Breaking up with the bank that holds your checking account can happen for any number of reasons -- the fees are too high, the interest paid is too low, the ATMs aren't always there for you, or you've met another bank that you like better. Like any breakup, it requires an adjustment period. However, you can make sure the breakup doesn't get messy by keeping your finances in order while you're transitioning to your new bank.
Open your new account first. If you try to close your old account first, you could find yourself in a financial bind if you need to write a check before you get your new account up and running.
List all of the direct deposits, automatic payments and uncashed checks for the account you want to close. If those payments or deposits get sent to your old account after it closes, they will bounce back, which could cost you extra in fees if you miss a payment, or delay your access to the money someone is trying to pay you.
Update the bank account information for your direct deposits and automatic payments to reflect your new bank account information. For example, if your employer pays you via direct deposit, ask your human resources manager for an update form. Alternatively, if your credit card automatically withdraws your monthly payment from your checking account, call or go online to change the account information so the money gets taken out of your new account.
Transfer as much of your money from your old checking account to your new account as possible, leaving enough money in the old account to cover any checks or automatic payments that are already set to come out of that account. You can write yourself a check from your old account and deposit it in the new one or transfer it electronically through your bank's website. Alternatively, you can use a cashier's check. Though it's more expensive, the Consumer Financial Protection Bureau notes that you may be able to access the transferred funds faster with a cashier's check.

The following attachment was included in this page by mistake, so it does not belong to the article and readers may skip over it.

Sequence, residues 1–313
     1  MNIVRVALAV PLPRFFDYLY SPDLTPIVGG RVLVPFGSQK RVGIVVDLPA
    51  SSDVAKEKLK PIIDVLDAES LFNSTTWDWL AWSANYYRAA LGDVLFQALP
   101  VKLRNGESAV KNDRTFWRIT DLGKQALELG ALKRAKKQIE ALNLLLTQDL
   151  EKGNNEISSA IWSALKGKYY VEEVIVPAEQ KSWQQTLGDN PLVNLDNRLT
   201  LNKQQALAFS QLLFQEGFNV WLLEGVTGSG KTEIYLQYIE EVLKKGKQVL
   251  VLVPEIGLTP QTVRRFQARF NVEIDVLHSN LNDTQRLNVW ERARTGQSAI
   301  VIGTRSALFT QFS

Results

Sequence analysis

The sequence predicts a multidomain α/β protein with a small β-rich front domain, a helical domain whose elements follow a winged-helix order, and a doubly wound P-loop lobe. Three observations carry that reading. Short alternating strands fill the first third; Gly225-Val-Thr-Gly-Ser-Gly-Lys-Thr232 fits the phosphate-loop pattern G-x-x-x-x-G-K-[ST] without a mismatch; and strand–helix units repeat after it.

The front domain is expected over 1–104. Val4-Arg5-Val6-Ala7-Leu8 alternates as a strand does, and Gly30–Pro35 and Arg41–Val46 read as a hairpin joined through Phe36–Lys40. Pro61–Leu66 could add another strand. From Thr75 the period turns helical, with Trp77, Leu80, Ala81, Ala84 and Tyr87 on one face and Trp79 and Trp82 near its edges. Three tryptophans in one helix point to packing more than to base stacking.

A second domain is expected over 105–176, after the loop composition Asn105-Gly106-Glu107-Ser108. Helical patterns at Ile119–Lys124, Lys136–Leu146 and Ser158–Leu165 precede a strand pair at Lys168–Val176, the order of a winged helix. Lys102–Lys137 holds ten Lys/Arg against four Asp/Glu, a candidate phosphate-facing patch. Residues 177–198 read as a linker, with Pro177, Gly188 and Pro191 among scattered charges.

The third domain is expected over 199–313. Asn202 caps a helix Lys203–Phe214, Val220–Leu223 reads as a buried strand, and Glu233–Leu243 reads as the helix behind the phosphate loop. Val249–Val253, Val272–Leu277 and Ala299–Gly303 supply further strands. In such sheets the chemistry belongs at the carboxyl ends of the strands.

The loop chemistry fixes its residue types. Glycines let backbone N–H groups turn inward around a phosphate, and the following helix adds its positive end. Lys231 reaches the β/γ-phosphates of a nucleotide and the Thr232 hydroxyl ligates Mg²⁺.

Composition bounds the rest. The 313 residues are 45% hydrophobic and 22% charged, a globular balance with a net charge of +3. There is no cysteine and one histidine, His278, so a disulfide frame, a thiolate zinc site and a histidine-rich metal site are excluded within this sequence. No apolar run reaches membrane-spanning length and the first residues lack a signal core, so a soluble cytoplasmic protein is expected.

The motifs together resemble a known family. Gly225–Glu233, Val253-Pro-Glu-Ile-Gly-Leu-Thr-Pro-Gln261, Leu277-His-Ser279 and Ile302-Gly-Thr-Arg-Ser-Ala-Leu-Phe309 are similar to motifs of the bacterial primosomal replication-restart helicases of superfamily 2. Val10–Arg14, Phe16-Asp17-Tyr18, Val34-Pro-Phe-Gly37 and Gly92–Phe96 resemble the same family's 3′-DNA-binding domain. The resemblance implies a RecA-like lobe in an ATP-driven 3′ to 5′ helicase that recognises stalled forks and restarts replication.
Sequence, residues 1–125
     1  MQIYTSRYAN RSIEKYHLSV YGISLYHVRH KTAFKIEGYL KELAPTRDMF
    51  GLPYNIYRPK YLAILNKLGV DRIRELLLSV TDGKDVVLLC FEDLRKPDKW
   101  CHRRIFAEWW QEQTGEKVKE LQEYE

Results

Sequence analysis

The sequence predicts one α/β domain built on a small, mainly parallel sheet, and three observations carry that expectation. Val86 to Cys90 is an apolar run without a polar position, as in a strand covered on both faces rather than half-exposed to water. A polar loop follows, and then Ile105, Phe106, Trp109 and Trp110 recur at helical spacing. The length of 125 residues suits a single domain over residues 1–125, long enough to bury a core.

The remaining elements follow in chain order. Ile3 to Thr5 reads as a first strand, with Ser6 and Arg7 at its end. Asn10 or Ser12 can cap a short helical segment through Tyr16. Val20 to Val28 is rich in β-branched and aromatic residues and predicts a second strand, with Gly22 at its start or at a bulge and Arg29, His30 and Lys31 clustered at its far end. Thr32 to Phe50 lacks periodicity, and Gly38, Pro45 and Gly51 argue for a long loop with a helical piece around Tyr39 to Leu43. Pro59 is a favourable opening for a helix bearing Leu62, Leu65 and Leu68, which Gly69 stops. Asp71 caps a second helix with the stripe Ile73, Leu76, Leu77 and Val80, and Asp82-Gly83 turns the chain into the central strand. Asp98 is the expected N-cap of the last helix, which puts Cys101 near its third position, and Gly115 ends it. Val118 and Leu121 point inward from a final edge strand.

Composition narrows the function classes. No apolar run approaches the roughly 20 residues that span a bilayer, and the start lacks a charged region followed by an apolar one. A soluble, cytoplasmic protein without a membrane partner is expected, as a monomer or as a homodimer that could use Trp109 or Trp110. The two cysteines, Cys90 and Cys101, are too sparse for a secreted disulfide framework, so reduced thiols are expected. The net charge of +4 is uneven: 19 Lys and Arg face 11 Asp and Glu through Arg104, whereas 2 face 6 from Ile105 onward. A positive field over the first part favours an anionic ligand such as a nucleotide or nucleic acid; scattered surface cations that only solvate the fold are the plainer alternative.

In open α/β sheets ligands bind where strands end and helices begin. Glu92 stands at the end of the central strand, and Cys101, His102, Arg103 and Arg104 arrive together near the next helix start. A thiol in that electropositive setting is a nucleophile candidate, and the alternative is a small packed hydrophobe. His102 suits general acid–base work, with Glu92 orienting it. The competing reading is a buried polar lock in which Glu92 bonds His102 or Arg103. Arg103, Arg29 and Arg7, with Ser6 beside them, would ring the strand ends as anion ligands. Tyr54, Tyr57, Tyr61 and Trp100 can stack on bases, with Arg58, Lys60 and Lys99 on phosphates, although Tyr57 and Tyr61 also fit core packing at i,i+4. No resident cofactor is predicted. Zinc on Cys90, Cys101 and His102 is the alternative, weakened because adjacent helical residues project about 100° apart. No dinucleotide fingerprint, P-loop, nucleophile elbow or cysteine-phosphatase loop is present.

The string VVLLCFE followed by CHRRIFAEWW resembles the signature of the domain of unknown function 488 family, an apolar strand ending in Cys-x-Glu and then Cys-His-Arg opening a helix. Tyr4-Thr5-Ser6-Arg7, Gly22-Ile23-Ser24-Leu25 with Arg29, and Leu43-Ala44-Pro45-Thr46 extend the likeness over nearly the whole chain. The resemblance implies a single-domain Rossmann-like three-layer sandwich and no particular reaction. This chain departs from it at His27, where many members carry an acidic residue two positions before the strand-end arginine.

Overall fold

Close your old account as soon as you're certain that all direct deposits and automatic payments are going to your new account and any previously outstanding checks have been cashed. Get written confirmation from the bank that the account has been closed. If you haven't already transferred all of the funds, you will receive a check for your remaining balance when you officially close the account.
- Having confirmation that your old account is closed in writing is important in the event your bank tries to reopen it because of a billing error or an unchanged automatic payment. If you have written confirmation the account was closed, the bank can't come after you for payment on the charges -- or the resulting bank fees.
Mark Kennan is a writer based in the Kansas City area, specializing in personal finance and business topics. He has been writing since 2009 and has been published by "Quicken," "TurboTax," and "The Motley Fool."